Wishes Don't Make Things Come True
When you wish for something you want -- no matter how good it is or how bad it is -- just wishing doesn't make it happen. You can pretend about things, too; but pretending doesn't make things happen either. Just wishing or pretending good things won't make them come true. Just wishing or pretending bad things won't make them come true either.

The Clown in Me
When you try to tell grownups something and they don't seem to listen, or if you try to show them something and they don't seem to look, do you ever start to act silly like a clown and try in that way to get them to listen and look at you? And do you ever act silly when you're feeling shy? Some people do. People act like clowns for lots of different reasons.

You're Growing
When you were very young, you wanted to grow bigger and be able to do more and more things well. After you learned to crawl, then you tried to walk. When you could walk well, you tried to run. But to get bigger you had to give up some things you had and did when you were little. Growing means changing and people are born to grow.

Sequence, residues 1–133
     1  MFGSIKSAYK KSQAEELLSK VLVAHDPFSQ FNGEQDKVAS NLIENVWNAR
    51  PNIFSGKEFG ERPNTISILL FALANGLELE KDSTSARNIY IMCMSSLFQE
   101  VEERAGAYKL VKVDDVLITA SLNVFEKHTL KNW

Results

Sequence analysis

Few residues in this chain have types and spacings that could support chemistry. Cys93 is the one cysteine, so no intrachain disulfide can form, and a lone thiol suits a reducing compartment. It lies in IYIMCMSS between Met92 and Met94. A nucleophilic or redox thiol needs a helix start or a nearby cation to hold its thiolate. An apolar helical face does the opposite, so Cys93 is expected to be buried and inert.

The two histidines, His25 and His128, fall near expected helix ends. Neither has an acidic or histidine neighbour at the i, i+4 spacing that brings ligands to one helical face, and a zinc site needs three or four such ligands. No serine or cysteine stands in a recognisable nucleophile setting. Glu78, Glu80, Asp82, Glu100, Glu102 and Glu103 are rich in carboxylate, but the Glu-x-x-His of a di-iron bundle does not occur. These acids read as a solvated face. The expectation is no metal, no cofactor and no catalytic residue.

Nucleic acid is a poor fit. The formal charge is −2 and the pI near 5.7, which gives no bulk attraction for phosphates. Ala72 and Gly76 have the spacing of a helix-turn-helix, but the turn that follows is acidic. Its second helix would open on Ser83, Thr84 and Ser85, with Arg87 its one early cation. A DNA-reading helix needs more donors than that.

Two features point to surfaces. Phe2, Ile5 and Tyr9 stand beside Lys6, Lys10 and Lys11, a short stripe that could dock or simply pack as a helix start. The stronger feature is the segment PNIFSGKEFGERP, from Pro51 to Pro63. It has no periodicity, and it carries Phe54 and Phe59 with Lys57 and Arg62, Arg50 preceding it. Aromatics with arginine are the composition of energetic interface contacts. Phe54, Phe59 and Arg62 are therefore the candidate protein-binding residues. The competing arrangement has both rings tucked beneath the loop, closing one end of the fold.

Sometimes People are Good
Nobody is good all the time and nobody is bad all the time. Nobody is happy or sad all the time. Sometimes you feel one way and sometimes another.

What Do You Do?
It's hard to feel angry, especially with people you love very much. But everybody does feel angry once in a while. You know you can learn what to do with those different feelings you have inside: the loving feelings and the angry feelings.

Please Don't Think It's Funny
When you get tired from trying hard, or when things have been frightening or sad, sometimes you think you would just like to stop growing for a minute. Even when you get big, it's nice to feel again what it was like to be little, and to turn to things that are familiar and easy to do. Afterward you may be surprised to find that this has helped you to grow even more.

It's Such a Good Feeling